Moroccan Elections: the Ceremony Nobody Wants to Attend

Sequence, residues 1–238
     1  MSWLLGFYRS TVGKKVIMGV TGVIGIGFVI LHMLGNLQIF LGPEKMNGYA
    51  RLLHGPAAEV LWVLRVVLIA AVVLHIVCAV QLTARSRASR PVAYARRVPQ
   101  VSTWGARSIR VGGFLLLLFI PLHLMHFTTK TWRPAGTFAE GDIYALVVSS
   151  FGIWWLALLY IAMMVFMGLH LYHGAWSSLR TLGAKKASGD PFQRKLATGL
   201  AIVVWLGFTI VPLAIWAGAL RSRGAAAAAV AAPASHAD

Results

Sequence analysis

Casablanca- After a long campaign urging Moroccan citizens to register to vote, few Moroccans have gone to the effort to register, less than three weeks before the deadline. This raises questions as to the effectiveness of this campaign in convincing citizens to cast their ballots.There are many factors that may have caused Moroccans to lose their trust and interest in state-led projects. The gap between society and state is widening day after day. Historically, the state is to blame for this impasse. Following independence, the state opted for the fragmentation of the political arena, by creating a climate of mistrust between political leaders of that era. Afterwards, the state created political parties allied to itself to compete with its opponents, thus using the administration to rig elections. This became common-place, and was expressed by Moroccans through adages such as “the winner already knows himself”. Another problem is the judiciary’s interference in the political field, which is demonstrated by the state’s imprisonment of dissidents, many of whom received death sentences, while others were forced to flee the country and seek refuge abroad.This negative environment lasted for more than four decades. Morocco lost well-educated leaders due to the King’s absolute grip on power. The shift in the balance of powers effectively made the King the only player in the Moroccan political scene. At the time, Moroccans believed electoral campaigns had no impact whatsoever on their daily lives. The new elites sought to join the King’s circle instead of working within society to meet the people’s aspirations for change and reform. This political climate made it very difficult for the political parties, civil society, and the middle class to bring about a genuine change in the political landscape. The middle class elites, the most influential group in any society, preferred either to distance themselves from political issues, or adopt a wait-and-see approach. In the beginning of 2008, the state tried to imitate the Tunisian model by creating a new political party whose goal was to regroup a number of small parties as a way to end the fragmentation plaguing Morocco’s politics. However, this endeavor was halted in the wake of the popular uprising of 2011, which returned politics to square one, especially after the protesters pointed to the leaders of the new party as “undesirable actors”. The spread of demonstrations across Morocco showed the flawed assumptions held by the regime concerning the youth’s disinterest in politics. Youth protests for more democracy and reforms were forging ahead to affect Morocco’s contemporary history. The demonstrators called for groundbreaking reforms that challenged the status quo, leaving the political parties far behind in terms of the audacity of their demands.The paradox is that the state maintains a ban on the main student organization operating within schools and universities, the National Union of Moroccan Students, while at the same time calling on them to participate in elections. Banning the National Union of Moroccan Students deprives youth of a political education that many historical political leaders were trained and equipped with the tool of critical thinking. The state has implemented exclusionary policies toward the youth during the last five decades. Besides banning the main student organization, the state has also adopted policies regarding school curriculums that have turned out to be extremely detrimental. These policies have handicapped both schools and society, leading to huge waves of unemployment. Unqualified youths protested in the streets because they were left with no career prospects, despite their time at school.In addition, the state banned all opposition parties. In other words, the state manipulates elections to serve its democratic façade, as if democracy was limited to casting ballots and taking picture of citizens entering and leaving polling stations.The atmosphere of fear that the state has created during the last five decades has led people to distrust its initiatives. As the gap between society and the state continues to widen, citizens show no interest in elections, despite of the government’s media campaign to encourage citizens to participate.The state should know that participation in the upcoming election will only increase if the relationship between the state and its citizens becomes one of trust, and that will only be achieved by doing away with authoritarian practices and respecting the citizens’ demands. However, it appears that this transition will not be achieved easily, as recent developments show how far the ruling party is willing to go to preserve its own interests and position within the government, whatever the cost of that may be.The views expressed in this article are the author’s own and do not necessarily reflect Morocco World News’ editorial policy© Morocco World News. All Rights Reserved. This material may not be published, rewritten or redistributed

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